Until recently, processors of fresh-cut produce have relied on labor-intensive manual inspection to remove defects and foreign material (FM). But tightening restrictions on pesticide use and the growth of organic products are making defects more common while the scarcity and cost of labor and consumers’ increasing scrutiny of fresh-cut product quality is rising. Given these market dynamics, processors are looking for methods to improve inspection.

Advancing technology and experience in other food segments have ushered in a new set of solutions. Automated optical inspection systems (also called sorters), which have been widely adopted for decades in the potato processing and processed vegetable industries, have recently been developed for fresh-cut produce. Compared to manual inspection, which is inconsistent and subjective, sorters are able to assure product quality and food safety by more effectively identifying and removing defects and foreign material, while at the same time reducing labor costs and improving operating efficiencies.


In this white paper, we will explore a wide range of sorting technology. The objective is to help fresh-cut processors understand what tools can be leveraged to maximize product quality and identify the criteria they should consider when selecting the ideal sorter for their products and applications.


Sorting Basics


From on-belt to in-air systems, sorters typically handle up to 7.5 metric tons per hour when sorting leafy greens and up to 28 metric tons per hour when sorting cut vegetables. Some sorters rely on cameras, others on lasers, and some combine cameras and lasers to view product from the top only or both top and bottom. Some sorters inspect only an object’s color, others inspect an object’s color, size, and shape, and some sort based on the object’s structural properties, including differing levels of chlorophyll. The processor’s products and business objectives determine the suitable sorter configuration.


Regardless of configuration, each sorter contains similar basic elements. The material handling component presents the product in the optimal method to the sensors. The sensors capture data, which is analyzed by the image-processing system. Defective product and foreign material are either ejected by mechanical paddles or air jets.


Although sorters are designed for continuous, 100 percent, in-line inspection at full production speeds, they can also be used in a batch-feed mode.


Cameras and Lasers and Wavelengths


The ideal sorter for any given application combines the lights, cameras, lasers, and image processing software that most effectively differentiate good product from defects and foreign material. To maximize that differentiation, it is important to identify the wavelengths that produce unique “signatures” for each object of interest. The sorter manufacturer might use a spectrophotometer on the customer’s products, defects and foreign material to see how these objects respond to different wavelengths. Armed with this data, the manufacturer will identify the ideal wavelengths or sets of wavelengths from infrared (IR) to visible to ultraviolet (UV) for the specific application and recommend the most appropriate technology to achieve the desired results.


Tri-chromatic cameras can be set to inspect within the visible range (red, green, and blue) or a combination of visible and IR or UV spectrums. These cameras capture product information based primarily on material reflectance and, depending on the image processing software, can recognize defects and foreign material based on color, size, and shape.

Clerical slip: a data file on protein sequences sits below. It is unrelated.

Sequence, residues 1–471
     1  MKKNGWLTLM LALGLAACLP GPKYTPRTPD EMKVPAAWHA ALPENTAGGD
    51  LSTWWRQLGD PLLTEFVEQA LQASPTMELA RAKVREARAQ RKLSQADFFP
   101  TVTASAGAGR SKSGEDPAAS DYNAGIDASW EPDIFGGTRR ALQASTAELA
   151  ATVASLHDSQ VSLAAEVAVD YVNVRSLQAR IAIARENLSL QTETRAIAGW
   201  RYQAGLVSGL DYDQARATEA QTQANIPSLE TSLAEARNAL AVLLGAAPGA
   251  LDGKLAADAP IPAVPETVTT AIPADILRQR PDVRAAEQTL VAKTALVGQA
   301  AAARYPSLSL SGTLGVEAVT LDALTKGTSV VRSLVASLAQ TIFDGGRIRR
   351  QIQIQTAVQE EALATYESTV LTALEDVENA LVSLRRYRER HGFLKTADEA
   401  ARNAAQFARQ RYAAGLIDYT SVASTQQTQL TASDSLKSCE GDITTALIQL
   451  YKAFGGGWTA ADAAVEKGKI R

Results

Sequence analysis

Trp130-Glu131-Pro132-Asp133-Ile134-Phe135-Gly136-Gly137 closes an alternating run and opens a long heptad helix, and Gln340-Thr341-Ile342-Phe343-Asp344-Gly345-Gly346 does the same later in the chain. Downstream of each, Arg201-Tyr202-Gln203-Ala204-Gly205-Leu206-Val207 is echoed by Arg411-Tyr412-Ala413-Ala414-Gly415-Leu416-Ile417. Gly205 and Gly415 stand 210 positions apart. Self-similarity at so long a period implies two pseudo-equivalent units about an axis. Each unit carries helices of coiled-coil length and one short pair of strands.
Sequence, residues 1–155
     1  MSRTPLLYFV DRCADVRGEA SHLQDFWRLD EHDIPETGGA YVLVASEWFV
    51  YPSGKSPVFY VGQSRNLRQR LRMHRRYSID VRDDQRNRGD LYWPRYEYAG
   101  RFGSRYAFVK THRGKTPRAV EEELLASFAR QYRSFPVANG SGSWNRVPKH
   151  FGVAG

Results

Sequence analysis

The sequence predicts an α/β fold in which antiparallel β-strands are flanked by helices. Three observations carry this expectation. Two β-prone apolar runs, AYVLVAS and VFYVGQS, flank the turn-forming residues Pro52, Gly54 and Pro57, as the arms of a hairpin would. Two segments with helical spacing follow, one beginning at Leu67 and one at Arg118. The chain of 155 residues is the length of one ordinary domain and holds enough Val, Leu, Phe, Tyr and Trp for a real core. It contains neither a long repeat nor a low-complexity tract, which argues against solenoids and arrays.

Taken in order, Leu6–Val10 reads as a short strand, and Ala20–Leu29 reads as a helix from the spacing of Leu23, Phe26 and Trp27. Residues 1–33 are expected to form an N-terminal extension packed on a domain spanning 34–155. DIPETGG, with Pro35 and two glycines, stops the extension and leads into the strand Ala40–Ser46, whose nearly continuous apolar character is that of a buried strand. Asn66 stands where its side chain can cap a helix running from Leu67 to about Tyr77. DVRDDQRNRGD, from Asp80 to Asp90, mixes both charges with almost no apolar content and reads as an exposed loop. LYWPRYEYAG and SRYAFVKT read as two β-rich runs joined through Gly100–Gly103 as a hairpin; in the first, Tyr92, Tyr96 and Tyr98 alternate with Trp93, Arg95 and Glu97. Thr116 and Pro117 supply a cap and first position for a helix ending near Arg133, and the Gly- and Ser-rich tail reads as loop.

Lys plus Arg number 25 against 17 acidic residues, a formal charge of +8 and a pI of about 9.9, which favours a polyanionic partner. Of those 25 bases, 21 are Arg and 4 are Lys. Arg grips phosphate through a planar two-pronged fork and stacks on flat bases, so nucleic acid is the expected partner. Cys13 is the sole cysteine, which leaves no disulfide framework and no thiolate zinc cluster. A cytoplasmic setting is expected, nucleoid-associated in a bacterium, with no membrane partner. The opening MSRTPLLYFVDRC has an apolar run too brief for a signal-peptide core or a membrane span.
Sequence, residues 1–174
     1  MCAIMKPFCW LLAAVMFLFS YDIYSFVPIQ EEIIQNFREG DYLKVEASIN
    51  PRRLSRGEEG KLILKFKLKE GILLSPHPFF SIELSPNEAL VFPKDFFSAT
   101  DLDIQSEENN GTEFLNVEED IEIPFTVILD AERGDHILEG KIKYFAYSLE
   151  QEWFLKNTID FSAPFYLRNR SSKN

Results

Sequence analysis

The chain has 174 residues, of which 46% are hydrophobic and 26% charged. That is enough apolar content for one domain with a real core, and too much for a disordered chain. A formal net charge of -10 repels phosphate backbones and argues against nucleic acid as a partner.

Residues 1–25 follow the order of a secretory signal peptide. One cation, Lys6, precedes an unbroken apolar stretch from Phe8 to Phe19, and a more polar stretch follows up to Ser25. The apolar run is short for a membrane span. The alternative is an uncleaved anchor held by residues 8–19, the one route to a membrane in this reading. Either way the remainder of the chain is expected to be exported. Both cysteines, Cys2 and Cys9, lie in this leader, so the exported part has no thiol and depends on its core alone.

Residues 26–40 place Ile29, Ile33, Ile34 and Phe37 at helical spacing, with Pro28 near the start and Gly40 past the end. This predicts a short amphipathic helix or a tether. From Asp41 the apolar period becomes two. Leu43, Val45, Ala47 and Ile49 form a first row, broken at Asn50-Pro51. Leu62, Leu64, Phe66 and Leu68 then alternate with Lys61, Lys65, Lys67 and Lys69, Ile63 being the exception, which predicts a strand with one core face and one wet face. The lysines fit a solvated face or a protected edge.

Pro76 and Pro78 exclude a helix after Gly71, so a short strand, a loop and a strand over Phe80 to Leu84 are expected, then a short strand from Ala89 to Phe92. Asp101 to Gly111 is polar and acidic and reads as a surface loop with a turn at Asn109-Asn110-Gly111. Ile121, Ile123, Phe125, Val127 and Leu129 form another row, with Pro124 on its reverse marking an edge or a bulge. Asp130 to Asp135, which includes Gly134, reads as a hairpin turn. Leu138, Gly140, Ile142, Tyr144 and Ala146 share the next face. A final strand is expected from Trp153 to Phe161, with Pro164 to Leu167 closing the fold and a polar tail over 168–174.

Sorting systems can also use lasers, sometimes in conjunction with cameras, to inspect product. Lasers are used primarily to inspect a material’s structural properties, which make them ideal for detecting a wide range of foreign material and some product defects. Like cameras, lasers can be designed to inspect only within the visible range or within the IR or UV spectrums too.


If multiple sets of wavelengths are needed to detect the range of defects and foreign material for any given product, the sorter can be equipped with multiple cameras set at differing wavelengths and/or multiple lasers or a combo-laser that simultaneously inspects at more than one set of wavelengths. Similarly, if multiple products are run on the line and each product is most effectively inspected at a unique wavelength, selecting a sorter that inspects at all these wavelengths is desirable.


Size, Shape, and Color


All sorters, even the simplest systems that rely only on monochromic (black and white) cameras, can detect differences in color (if only on the gray scale) to distinguish good product from defects and foreign material. But most sorters are capable of much more. Sophisticated color cameras are capable of detecting millions of subtle color differences to better distinguish good from bad objects. And the resolution of cameras and lasers differ with the highest resolution sensors able to detect the smallest defects and foreign material. The resolution of commonly available cameras and lasers detect defects and objects down to 3-5mm. Ultra-high resolution systems can detect defects and objects as small as 1mm.


Enhanced capabilities can be added if the sorter’s image processing software offers “object-based recognition,” enabling it to analyze objects based on size and shape as well as the location of the defect on the product, if desired. Some sorters even allow the


user to define a defective product based on the total defective surface area of any given object. These object-based considerations put more power into the processor’s hands to produce optimal product quality.


Fresh-Cut Applications


A wide range of leaf defects can be identified by sorters equipped with color cameras. If the defects can be seen on both the sides of the product, a sorter with only top-mounted cameras is effective. To detect and remove single-sided defects, and in situations where product overlap occurs at higher capacities, sorters with top- and bottom-mounted cameras are often recommended.